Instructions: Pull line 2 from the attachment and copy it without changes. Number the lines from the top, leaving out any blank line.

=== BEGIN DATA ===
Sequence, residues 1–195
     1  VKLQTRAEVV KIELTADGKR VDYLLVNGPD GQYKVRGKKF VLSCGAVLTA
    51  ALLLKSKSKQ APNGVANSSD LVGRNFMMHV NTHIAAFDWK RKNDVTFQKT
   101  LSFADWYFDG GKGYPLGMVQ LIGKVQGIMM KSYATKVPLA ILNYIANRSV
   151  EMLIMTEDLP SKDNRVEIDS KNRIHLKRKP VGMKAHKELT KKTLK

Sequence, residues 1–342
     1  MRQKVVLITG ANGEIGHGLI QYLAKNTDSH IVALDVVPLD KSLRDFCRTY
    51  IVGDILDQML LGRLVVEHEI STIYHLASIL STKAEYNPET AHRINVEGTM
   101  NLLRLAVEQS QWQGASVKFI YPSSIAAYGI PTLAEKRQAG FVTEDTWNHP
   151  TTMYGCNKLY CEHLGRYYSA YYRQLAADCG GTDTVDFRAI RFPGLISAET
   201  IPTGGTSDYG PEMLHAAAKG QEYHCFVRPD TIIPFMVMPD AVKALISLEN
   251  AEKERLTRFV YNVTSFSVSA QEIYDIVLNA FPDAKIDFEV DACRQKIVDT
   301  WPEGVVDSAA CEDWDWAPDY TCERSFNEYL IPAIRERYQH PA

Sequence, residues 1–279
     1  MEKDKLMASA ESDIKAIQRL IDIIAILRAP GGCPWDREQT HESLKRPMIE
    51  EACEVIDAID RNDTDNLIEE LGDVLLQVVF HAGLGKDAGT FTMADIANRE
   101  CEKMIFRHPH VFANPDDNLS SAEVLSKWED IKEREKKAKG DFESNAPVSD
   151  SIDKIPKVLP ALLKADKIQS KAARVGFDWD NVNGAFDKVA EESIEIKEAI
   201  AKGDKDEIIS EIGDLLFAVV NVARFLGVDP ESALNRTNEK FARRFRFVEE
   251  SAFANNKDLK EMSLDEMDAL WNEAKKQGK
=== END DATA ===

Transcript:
     1  VKLQTRAEVV KIELTADGKR VDYLLVNGPD GQYKVRGKKF VLSCGAVLTA